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Provider: Royal Liverpool and Broadgreen University Hospitals NHS Trust Good

Inspection Summary


Overall summary & rating

Good

Updated 29 July 2016

The Royal Liverpool and Broadgreen University Hospitals NHS Trust provides services across two sites, comprising of three hospitals: the Royal Liverpool University Hospital, Broadgreen Hospital and Liverpool University Dental Hospital. The dental hospital was not inspected as part of this inspection.

The Royal Liverpool University Hospital is the main site operated by the trust, with a total of 857 beds, 792 of which are inpatient beds and 65 are reserved for day case procedures. This hospital provides a range of services, including urgent and emergency care, critical care, a comprehensive range of elective and non-elective general medicine (including elderly care) and surgery, and a range of outpatient and diagnostic imaging services. The hospital also houses St Paul’s Eye Unit which provides a range of outpatient services and elective and unplanned ophthalmology surgical services to patients locally, nationally and internationally. The unit sees in the region of 9,000 outpatients each month.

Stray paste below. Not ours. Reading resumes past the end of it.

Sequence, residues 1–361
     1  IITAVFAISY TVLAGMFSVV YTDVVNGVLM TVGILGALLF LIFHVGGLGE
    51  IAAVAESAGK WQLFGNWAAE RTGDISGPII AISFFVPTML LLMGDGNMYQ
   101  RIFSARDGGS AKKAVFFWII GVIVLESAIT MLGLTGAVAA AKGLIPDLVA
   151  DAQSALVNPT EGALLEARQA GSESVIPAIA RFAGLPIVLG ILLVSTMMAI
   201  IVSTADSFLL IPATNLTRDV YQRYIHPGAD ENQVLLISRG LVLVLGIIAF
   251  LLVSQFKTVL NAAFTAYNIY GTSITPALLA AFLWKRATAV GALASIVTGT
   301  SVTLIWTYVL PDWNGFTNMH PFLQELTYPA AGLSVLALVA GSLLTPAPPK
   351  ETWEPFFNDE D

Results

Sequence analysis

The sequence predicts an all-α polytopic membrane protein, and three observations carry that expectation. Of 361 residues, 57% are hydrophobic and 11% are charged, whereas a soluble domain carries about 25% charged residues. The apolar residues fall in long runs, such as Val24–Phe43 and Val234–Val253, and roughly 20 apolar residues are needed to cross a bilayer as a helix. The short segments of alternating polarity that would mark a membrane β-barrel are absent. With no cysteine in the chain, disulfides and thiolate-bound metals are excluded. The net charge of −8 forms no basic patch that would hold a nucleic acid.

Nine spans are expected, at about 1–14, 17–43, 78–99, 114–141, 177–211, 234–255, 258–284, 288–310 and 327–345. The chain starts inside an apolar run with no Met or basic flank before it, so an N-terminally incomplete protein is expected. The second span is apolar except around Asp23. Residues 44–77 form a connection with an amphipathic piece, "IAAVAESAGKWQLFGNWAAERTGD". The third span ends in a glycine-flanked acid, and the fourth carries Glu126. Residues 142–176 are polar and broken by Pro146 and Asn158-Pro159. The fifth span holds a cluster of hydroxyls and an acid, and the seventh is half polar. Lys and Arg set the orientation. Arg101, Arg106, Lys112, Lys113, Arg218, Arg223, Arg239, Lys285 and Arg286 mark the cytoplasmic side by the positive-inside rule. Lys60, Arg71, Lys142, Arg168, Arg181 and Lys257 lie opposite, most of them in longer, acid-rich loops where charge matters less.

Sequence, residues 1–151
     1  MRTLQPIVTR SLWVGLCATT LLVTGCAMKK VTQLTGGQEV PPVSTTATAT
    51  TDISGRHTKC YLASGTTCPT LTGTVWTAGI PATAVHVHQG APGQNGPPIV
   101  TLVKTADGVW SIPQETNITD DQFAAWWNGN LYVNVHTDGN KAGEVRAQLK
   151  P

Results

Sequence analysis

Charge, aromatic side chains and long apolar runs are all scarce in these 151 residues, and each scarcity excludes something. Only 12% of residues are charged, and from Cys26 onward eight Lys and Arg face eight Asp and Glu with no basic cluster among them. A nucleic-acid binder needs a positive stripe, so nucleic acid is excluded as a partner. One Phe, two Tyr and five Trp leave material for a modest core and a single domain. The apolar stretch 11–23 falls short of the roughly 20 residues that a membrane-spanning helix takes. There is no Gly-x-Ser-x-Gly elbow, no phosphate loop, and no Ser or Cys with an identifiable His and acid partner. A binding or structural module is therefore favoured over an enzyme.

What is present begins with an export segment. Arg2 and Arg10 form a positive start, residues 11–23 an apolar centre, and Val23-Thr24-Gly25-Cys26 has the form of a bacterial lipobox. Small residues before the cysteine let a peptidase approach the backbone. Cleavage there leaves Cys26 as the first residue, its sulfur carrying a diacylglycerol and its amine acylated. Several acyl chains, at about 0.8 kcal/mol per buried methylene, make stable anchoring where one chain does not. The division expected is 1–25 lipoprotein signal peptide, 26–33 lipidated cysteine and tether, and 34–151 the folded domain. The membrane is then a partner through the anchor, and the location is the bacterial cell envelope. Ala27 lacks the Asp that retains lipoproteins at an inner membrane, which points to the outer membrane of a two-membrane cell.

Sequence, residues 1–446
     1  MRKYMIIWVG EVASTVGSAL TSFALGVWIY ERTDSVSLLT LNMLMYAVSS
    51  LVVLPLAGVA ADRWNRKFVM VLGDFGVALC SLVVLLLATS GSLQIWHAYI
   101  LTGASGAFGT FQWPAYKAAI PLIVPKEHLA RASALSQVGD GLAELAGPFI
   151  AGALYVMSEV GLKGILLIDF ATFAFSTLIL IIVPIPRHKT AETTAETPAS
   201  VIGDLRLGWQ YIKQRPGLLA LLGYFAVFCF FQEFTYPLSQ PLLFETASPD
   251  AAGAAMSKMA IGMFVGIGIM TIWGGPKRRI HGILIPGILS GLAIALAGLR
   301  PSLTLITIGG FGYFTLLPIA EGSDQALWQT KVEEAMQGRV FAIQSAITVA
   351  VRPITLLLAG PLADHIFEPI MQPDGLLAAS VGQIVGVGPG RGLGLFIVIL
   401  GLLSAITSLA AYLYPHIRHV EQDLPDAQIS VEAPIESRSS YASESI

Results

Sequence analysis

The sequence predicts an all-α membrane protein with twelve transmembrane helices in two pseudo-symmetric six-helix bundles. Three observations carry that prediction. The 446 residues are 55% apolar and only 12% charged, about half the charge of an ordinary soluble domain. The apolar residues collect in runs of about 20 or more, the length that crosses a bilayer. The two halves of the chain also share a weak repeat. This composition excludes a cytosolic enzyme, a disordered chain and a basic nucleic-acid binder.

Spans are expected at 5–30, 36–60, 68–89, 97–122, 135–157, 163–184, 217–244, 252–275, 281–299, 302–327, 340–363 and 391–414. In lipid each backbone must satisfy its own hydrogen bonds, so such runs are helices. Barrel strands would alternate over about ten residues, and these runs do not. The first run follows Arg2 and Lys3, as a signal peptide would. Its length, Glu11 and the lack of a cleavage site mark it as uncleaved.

The trust started work on a new Royal Liverpool University Hospital in February 2014 and construction is underway, with the opening planned for 2017. The new Royal will be one of the biggest hospitals in the UK to provide all single en-suite bedrooms on each inpatient ward. There will be 23 wards, including a large clinical research facility and a 40-bedded critical care unit and the new Royal will have 18 state-of-the-art operating theatres. The emergency department will be one of the largest in the North West of England with its own CT scanner and special lifts for patients going straight to the operating theatres on the floor above.